• Slides

12:35 PM: Brian Sherman, "Applying Open Pedagogy in Creating a Freshmen Seminar Textbook"

  • This session will explore how freshmen seminar courses can be a playground to explore open pedagogy to create renewable assignments that are engaging and empowering. Using this student-centered approach to empower students as content creators, freshmen seminar instructors can encourage students to create openly-licensed freshmen seminar textbooks that can be shared and built upon in subsequent cohorts. Having students create textbooks based on their own experiences adds extensive value that not only captures multiple voices, but enhances efforts to facilitate equity, access, and learning. Applying open pedagogy provides a path for colleges and universities to not only provide agency to freshmen voices, but also creates opportunity to explore how freshmen experiences change over time.
  • Slides

12:45 PM: Manyu Li, "OER and open pedagogy in computational social science for Louisiana colleges: Progress and challenges"

  • There has been a global trend to conduct social science research using data science methods, such as big data, network analysis, etc. This interdisciplinary area, Computational Social Science (CSS), requires learners to first have foundational knowledge in coding and data analysis. To help Louisiana social science college students to catch up with the trend and to fight against to fear of mathematics, statistics, and computation, interactive OERs with open pedagogy were developed. This presentation will share the progress and challenges of the development and implementation Rapport-building, Equitable, Learner-centered, Authentic Computational Social Science (RELACSS) beginner program at the University of Louisiana at Lafayette and two other Louisiana colleges. During the talk, the developer of RELACSS will share design methods, the open pedagogy, and the structure of RELACSS workshop, and future plans. Specifically, a series of data analysis lessons was developed using the R Shiny App and will be demonstrated using minimal technology (only a web browser is needed). The audience will be able to follow the demonstration and see the various functions of the lessons, including 1) interactive codes that students can follow and run in real-time with the instructor, 2) hints and solutions that are designed to help students learn problem-solving skills, 3) real data set that incorporates inquiry-based learning, and 4) embedded practice questions that instructor can use to check in to students' understanding during the learning process.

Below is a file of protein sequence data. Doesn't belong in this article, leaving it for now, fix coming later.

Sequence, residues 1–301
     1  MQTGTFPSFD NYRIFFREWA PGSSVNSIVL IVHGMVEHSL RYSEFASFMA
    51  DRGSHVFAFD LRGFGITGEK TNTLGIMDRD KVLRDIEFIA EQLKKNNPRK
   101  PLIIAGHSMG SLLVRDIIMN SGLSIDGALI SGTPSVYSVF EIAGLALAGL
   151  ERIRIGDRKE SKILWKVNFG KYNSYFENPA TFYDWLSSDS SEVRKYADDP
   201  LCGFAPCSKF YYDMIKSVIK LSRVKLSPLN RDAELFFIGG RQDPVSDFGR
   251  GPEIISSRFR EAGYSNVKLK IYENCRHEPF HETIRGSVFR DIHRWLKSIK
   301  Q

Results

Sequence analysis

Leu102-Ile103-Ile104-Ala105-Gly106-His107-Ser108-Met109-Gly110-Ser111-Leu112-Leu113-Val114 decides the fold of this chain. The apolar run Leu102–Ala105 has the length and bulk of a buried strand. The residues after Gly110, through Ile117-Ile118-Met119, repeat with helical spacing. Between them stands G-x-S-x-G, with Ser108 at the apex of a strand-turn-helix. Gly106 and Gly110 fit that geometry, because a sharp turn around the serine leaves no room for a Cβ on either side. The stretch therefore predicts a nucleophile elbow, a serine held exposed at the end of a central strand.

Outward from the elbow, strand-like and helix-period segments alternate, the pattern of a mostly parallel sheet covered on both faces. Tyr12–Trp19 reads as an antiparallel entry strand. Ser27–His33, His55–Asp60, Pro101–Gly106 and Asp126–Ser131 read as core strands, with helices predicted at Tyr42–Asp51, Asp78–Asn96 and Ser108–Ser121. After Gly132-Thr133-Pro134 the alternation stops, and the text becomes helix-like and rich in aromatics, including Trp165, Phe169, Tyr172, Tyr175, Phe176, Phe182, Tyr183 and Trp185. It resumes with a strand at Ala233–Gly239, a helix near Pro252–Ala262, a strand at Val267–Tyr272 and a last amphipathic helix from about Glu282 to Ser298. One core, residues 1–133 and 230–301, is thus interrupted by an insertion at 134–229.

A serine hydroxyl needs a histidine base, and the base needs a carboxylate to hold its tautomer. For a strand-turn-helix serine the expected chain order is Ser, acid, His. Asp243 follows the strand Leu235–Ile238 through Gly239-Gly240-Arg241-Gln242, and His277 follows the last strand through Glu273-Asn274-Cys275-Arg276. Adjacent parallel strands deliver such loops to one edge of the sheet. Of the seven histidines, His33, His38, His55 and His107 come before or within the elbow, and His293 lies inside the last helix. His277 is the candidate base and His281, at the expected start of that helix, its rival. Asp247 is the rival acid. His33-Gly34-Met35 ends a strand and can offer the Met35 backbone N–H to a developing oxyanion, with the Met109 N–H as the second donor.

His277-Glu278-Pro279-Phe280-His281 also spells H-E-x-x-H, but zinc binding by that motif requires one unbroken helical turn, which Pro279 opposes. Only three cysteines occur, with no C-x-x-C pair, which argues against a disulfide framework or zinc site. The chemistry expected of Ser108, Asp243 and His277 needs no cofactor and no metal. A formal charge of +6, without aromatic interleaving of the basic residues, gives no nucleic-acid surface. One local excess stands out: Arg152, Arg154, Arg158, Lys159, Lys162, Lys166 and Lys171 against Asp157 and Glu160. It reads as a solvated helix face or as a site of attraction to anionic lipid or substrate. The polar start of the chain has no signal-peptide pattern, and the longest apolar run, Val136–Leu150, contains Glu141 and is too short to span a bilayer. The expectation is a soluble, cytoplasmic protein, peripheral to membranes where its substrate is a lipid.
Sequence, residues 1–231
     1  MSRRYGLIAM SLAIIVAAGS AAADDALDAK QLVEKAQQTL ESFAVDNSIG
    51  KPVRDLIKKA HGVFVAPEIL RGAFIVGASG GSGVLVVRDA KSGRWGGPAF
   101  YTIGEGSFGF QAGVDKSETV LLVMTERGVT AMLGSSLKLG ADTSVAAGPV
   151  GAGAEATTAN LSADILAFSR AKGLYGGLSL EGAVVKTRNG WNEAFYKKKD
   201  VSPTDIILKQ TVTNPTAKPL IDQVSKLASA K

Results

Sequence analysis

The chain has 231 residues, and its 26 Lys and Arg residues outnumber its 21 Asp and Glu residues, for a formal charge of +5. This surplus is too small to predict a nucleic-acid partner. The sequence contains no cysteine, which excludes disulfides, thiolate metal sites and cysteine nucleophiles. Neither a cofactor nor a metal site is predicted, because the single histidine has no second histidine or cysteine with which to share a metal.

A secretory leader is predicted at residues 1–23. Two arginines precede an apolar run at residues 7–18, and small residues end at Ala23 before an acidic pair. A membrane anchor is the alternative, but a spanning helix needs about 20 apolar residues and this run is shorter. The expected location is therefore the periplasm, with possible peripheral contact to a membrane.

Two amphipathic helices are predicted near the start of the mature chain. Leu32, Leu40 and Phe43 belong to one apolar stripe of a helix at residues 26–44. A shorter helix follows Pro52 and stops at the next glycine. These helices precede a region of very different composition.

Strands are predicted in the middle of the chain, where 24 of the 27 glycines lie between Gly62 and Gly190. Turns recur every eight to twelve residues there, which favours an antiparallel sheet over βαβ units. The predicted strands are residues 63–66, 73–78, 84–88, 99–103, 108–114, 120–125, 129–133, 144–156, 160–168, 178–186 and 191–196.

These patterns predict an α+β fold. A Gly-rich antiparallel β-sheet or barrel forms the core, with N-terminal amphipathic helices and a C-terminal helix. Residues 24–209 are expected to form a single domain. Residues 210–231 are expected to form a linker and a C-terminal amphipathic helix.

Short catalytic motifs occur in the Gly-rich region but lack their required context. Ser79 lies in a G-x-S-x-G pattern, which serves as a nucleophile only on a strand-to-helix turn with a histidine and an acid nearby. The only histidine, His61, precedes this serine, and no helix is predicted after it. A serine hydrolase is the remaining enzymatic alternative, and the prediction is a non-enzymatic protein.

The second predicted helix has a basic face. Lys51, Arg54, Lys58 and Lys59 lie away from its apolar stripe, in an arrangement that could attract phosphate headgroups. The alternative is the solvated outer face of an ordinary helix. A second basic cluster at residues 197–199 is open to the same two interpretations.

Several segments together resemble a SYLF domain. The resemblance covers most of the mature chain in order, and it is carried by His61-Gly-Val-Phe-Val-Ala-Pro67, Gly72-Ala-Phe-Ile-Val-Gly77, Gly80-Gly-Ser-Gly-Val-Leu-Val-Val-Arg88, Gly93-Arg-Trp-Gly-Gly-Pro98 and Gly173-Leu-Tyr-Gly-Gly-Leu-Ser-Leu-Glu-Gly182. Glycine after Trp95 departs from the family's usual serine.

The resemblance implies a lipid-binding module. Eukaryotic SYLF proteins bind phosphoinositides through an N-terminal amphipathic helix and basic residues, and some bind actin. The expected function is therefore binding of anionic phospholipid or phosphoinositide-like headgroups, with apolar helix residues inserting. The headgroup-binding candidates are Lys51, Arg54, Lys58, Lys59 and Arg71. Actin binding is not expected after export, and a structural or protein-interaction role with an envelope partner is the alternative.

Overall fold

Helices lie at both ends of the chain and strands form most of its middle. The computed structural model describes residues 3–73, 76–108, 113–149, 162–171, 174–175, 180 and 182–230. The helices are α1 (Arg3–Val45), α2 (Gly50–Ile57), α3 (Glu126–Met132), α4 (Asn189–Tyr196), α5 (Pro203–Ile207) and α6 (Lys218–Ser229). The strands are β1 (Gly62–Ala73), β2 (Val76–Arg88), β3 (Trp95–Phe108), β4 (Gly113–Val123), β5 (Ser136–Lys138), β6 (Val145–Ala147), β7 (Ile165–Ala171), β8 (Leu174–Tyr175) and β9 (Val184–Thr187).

• Slides

12:55 PM: Adronisha Frazier, "Integrating Learning Analytics with OERs"